So I read one time on the internet (which is a 100% reliable resource (something I also read on the internet)) about a Japanese art of repair called Kintsugi. Officially (again according to the internet which, as previously discussed, is totally trustworthy), it is defined as “the Japanese art of repairing broken pottery with lacquer dusted or mixed with powdered gold, silver, or platinum”. Which is to say that the repair is exposed and celebrated instead of hidden.
I think there’s a lot I could say about this. That it’s not hard to draw a comparison to our own lives. That living with the knowledge we’ve all been broken in one way or another frees us to spend less energy trying to hide our damage so we can honestly revere the ways in which we and those we love have been repaired. That it’s really quite beautiful to think the ways we have variously been torn apart and put back together make us who we are. That it’s imperative to note the beauty of these pieces is not in their brokenness but in the reconstruction of them afterward.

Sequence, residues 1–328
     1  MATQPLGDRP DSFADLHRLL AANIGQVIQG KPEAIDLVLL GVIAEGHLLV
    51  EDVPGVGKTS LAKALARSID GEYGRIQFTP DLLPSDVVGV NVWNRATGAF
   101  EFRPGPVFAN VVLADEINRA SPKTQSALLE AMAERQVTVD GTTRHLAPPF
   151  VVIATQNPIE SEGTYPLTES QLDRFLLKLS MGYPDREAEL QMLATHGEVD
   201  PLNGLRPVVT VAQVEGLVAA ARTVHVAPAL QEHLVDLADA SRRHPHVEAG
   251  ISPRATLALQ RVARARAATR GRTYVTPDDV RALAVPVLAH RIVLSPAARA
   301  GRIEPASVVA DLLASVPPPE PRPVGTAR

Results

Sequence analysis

But this isn’t Sunday and I’m no preacher (I feel like this needed some cheesy western music in the background to be a truly effective statement. Do me a favor and turn on the soundtrack to The Good, The Bad, and The Ugly real quick and read it over again).
My little ones and I painted terracotta pots today for an art project. I chose the cracked one (not just out of motherly generosity, I must admit) and decided to try my hand at emulating kintsugi by tracing the cracked and chipped areas with a gold paint pen. I plan to use it as a reminder of the ideas encapsulated in my mini sermon up there.
Because, let’s be real- broken isn’t really beautiful. It’s heavy and dysfunctional and lonely. But whole again, and a little wiser for the wear, is breathtaking. We’re all pretty broken. But we’re priceless repaired.